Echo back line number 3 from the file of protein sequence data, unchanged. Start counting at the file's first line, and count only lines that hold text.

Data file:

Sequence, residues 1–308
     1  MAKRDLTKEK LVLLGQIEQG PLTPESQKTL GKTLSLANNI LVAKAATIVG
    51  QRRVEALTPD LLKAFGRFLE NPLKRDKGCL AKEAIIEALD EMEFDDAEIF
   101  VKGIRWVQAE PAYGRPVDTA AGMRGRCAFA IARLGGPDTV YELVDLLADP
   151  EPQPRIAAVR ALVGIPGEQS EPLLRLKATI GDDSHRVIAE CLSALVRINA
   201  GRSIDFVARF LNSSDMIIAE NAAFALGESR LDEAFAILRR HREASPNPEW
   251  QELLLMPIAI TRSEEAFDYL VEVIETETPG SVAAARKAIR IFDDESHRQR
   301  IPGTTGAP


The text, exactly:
    51  QRRVEALTPD LLKAFGRFLE NPLKRDKGCL AKEAIIEALD EMEFDDAEIF